Knowledge at Wharton: Do you see any political risks as well?

Sidiqi: I think across Africa, you do see political risks. One of the things that I learned at Wharton from Witold Henisz’s Political Economy class is how to approach managing networks and relationships in difficult to navigate economies. If you go in as a foreign investor and let’s say it’s maybe not the most transparent economy, a lot of people want to depend on a person who has connections and then use those connections. If you rely on a person to give you connections, that person can change, and then you might be relying on something that can disappear overnight.

An alternative is to develop a relationship with an institution that may appear to be less helpful in the short run, but can be better for managing long-term risks. You saw a lot of people in Libya who were working there based on their relationship with the family (of former Libyan leader Muammar) Gadhafi. So when [the political situation of] Gadhafi changed, many of them struggled quite a lot. What I’ve seen be successful for some of our companies is that you don’t [bank on] your relationship with an individual, you put it with an institution that’s going to be there.

That’s how we operated in Libya, so when the regime changed, we weren’t seen as a bad player because we weren’t close to Gadhafi. We were aligned with institutions within the Libyan government, so that was okay. If you’re trying to manage political risks, it’s thinking through what institutions in that country are going to be around and being aligned with those, rather than trying to be aligned with an individual.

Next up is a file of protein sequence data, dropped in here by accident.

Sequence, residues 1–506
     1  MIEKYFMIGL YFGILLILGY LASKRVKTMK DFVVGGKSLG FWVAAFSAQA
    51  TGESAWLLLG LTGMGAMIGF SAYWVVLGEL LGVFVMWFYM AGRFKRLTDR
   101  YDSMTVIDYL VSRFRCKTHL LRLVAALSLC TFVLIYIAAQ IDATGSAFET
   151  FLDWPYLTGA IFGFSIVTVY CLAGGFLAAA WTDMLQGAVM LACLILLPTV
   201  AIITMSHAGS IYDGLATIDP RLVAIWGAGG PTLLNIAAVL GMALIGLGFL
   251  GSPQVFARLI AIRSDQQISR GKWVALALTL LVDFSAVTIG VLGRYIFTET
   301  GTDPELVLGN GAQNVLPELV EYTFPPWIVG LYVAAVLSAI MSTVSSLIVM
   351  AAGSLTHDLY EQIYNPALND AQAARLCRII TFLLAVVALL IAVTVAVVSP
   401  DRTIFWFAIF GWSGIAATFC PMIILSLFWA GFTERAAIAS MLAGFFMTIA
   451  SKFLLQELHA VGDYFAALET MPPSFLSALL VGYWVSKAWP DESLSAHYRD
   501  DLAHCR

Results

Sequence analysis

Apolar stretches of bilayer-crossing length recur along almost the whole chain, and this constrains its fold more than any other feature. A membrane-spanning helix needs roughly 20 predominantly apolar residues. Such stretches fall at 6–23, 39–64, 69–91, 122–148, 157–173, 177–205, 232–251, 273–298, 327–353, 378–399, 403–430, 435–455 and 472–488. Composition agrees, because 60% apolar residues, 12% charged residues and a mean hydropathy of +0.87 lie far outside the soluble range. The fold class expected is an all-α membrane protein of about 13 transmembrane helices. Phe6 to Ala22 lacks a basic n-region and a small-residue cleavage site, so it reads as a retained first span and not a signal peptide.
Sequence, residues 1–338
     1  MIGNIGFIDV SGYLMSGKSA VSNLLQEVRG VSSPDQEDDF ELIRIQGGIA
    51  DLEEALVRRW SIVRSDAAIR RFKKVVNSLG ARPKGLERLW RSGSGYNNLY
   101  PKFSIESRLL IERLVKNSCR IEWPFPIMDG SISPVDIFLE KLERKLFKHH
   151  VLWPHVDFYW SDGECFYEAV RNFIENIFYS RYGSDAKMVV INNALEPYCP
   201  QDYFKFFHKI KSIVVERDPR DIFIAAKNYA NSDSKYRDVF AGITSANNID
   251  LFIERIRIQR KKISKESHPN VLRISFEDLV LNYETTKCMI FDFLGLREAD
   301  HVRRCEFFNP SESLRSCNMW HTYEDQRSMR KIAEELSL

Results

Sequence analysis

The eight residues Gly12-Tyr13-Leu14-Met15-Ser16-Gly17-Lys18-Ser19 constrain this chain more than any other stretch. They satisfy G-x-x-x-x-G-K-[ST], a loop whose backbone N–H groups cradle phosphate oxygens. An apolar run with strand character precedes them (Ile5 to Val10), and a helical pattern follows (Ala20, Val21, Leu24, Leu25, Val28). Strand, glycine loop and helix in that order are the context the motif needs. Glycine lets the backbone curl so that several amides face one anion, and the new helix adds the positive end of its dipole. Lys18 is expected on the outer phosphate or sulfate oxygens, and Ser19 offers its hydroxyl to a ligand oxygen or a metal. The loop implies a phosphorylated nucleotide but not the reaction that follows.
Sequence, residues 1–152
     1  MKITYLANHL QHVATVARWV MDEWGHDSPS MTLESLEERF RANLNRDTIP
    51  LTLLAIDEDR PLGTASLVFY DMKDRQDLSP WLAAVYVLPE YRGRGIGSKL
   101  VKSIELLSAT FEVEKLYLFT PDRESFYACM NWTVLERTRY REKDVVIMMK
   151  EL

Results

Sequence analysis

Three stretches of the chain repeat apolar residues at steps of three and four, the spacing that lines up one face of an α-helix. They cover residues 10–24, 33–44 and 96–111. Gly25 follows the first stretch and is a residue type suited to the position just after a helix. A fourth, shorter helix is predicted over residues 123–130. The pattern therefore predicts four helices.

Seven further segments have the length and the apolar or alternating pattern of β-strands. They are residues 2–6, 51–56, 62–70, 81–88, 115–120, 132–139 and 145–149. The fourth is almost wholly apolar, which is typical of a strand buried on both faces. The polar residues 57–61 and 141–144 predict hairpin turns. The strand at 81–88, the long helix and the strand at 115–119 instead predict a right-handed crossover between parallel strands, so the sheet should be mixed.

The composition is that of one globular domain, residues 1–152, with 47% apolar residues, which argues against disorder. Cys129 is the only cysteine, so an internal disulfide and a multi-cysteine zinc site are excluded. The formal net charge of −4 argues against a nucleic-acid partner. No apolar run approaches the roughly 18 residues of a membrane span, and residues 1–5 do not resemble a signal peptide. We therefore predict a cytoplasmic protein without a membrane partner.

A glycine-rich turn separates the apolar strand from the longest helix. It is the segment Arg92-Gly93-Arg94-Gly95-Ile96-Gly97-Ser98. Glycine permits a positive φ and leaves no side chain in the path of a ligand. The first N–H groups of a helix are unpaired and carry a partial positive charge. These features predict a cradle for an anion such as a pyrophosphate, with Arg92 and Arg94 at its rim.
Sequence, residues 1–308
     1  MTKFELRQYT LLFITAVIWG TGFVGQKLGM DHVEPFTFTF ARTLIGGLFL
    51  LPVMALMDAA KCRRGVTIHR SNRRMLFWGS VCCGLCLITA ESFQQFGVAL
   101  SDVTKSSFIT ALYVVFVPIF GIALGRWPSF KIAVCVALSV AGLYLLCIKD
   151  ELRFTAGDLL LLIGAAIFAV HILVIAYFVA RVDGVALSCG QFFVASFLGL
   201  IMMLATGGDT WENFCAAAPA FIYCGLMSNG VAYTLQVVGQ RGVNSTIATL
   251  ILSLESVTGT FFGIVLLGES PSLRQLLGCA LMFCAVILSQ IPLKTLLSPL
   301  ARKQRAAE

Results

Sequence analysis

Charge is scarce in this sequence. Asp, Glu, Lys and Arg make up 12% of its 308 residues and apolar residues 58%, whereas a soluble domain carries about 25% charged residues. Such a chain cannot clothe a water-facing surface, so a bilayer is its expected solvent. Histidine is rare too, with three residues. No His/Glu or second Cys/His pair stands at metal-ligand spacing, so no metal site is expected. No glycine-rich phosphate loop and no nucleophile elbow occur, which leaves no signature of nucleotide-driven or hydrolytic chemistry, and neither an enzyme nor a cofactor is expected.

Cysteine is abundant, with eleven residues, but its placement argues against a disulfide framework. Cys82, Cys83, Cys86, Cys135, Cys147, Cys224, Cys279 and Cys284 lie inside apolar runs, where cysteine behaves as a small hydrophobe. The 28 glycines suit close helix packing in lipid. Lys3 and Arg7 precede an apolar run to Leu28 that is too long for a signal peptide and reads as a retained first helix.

Knowledge at Wharton: Beyond North Africa, what is NREC’s broader Africa strategy and how does it compare with that of other real estate developers who are active on the continent?

Sidiqi: I think real estate is a little different from other products. If you’re making an Apple iPhone, that can pretty much go around the world with minor tweaks. It’s for consumers everywhere. Real estate is very, very local, so even some of the largest real estate companies in the world might only be in 40 countries and they have $80 billion of assets.

For NREC, our Africa strategy is focused on Egypt and Libya at this point. There’s certainly scope for a lot of different real estate players to do different things in Africa. But when you’re trying to think about real estate, you have to understand that each project has a lot of dimensions. You’re dealing not just with the end-consumer; you’re dealing with investors, governments and communities, so you can’t just have a one-size-fits-all approach. It’s very specific to those local demands and relationships, otherwise you can find a very large project [snagged] and slowed by a very small detail that you couldn’t know [about] unless you spent a lot of time in the market.

I would recommend that anybody who is thinking about a real estate strategy shouldn’t be focused on more than just a few markets. And if you’re doing more than two markets, it should only be in one region of Africa because each region is so different.

“When the world changes, you have to change with it and not sit around hoping things are going to get better for you.”

Knowledge at Wharton: Where do you see NREC’s Africa operations going in the next three to five years?

Sidiqi: When we’re thinking about the opportunity for NREC in Africa, it’s again focused on Egypt because that’s a market we’ve already entered, so we know the rules and we know how to operate there. We have a local team with local intelligence so we operate there in a very Egyptian way.